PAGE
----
• Audio Interface
    • 8-channel I2S and S/PDIF input and output
    • TDM/PCM input and output, up to 8 channels
    • 2-channel PDM input
  • Video Interface – RGB888 output
  • Security – Supports secure boot and secure OS
  • Ethernet – 10/100M MAC+PHY
  • IP License(Optional) – Dolby Digital, Dolby Digital Plus, DTS Digital Surround, DTS HD, DTS Express
  • Process – 28nm HKMG

If you are interested in evaluating / playing with those processors, and cannot get hold of Amlogic boards (since they only deal with companies), one solution is to get Xiaomi AI smart speaker available for pre-order/arrival notice on sites likes GearBest or GeekBuying, and expected to ship on October 1st.

Thanks to vertycall for the tip.

X-Powers AC108 is a Quad-Channel ADC Chip for Microphone Arrays

August 28th, 2017 2 comments

X-Powers, a company better known to supply PMIC “companion” chip for Allwinner processors, also made some audio chips including AC108 is a chip specifically designed for microphones arrays with support for 4 microphones, and a I2C + I2S output interface to the host processor. Microphone arrays are particularly useful for smartspeakers, and especially hot word detection (voice activity detection) as single microphone setups like I use with Orange Pi Zero, may have trouble detecting hot words like “OK Google” in noisy environments (music playing, alarm ringing…).

X-Power AC108 specifications:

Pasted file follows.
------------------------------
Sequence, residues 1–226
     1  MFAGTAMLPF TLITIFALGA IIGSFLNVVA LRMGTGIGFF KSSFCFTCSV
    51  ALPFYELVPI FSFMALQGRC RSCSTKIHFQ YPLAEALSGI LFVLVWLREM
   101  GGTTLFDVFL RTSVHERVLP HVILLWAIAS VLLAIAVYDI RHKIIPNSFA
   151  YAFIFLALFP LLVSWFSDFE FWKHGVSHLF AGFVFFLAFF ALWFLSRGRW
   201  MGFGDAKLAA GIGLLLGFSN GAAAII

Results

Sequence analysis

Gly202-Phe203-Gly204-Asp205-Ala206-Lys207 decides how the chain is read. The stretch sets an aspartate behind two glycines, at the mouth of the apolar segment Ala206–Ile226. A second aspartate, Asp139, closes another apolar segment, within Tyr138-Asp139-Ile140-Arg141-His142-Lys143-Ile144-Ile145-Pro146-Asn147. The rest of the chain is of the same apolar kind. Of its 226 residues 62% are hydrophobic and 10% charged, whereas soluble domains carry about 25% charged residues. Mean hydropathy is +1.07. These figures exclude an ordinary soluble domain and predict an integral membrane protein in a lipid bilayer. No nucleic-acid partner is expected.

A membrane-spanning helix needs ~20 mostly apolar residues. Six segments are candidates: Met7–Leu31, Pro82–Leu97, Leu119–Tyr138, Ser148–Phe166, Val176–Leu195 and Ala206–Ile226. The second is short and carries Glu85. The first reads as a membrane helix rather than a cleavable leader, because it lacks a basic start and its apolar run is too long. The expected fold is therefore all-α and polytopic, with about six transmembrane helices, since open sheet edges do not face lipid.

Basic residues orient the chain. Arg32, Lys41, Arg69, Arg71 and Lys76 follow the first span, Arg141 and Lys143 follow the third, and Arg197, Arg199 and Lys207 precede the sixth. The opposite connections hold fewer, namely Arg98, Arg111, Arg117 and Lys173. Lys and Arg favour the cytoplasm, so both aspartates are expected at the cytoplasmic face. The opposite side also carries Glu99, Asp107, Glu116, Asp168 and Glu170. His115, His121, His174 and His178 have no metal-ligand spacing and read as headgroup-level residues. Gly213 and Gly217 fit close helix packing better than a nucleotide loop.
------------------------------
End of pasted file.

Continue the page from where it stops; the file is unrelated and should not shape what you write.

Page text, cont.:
• 108 dB dynamic range (A-weighted) @ 0 dB boost gain
  • -90 dB THD+N (total harmonic distortion plus noise) @ 0 dB boost gain
  • 4x programmable boost amplifiers with 0dB to 45dB in 3dB step
  • ADC sample rates supported – 8kHz,12kHz,16kHz, 22.05kHz, 24kHz, 32kHz, 44.1kHz, 48kHz,96kHz
  • Analog mixer and digital mixer in record data path
  • 4x fully differential microphone inputs: MIC1P/N ~MIC4P/N configurable as pseudo differential,  single-ended mode, or digital MIC data pin
  • 4x low noise mic bias outputs: MIC1_BIAS~MIC4_BIAS with a 1.5V to 4V programmable bias voltage
  • 2x DMIC SCLK output @ 1M~3.25M
  • Two I2S data output configurable as
    • I2S/PCM format using 1 pin to output 2 channel data of 1 devices.
    • I2S/PCM format using 2  pins to output 4 channel data of 1 devices.
    • TDM format using 1 pin to output 4 even 16 channel data of 4  devices.
    • Encoding format using 1 pins to output 4 even 16 channel data of 4  devices.
  • DPLL support a wide input for 6-/12-MHz, 6.144-/12.288-MHz, 5.6448-/11.2896-MHz, 13MHz and 19.2MHz.
  • Control Interface – I2C / TWI from 100 kHz up to 400 kHz
  • Integrated LDO allowing single 3.3V supply
  • Power Consumption – < 4mA per ADC channel
  • Package – 48 pin, 6×6 mm2 QFN

The product page does not provides that much more information, but there’s apparently EVM which you can purchase by contacting the company.

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I could not find pricing information, but X-Powers normally provides price-competitive solutions. I could not find any boards using AC108 yet, but we should get more info about that tomorrow.

Categories: Audio, Hardware Tags: audio, automation, speaker, x-powers